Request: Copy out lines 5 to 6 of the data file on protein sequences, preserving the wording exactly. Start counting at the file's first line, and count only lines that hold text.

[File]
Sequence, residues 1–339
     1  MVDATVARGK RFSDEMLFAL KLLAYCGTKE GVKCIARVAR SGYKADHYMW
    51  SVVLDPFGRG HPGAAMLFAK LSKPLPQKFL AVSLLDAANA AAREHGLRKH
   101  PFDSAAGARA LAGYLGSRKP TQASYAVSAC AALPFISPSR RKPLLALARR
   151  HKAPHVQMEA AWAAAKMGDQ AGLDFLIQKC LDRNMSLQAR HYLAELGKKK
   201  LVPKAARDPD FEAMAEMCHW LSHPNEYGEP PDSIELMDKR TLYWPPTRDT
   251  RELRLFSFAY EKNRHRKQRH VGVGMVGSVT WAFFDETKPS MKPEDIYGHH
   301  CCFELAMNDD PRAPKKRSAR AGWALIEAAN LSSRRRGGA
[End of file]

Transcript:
   151  HKAPHVQMEA AWAAAKMGDQ AGLDFLIQKC LDRNMSLQAR HYLAELGKKK
   201  LVPKAARDPD FEAMAEMCHW LSHPNEYGEP PDSIELMDKR TLYWPPTRDT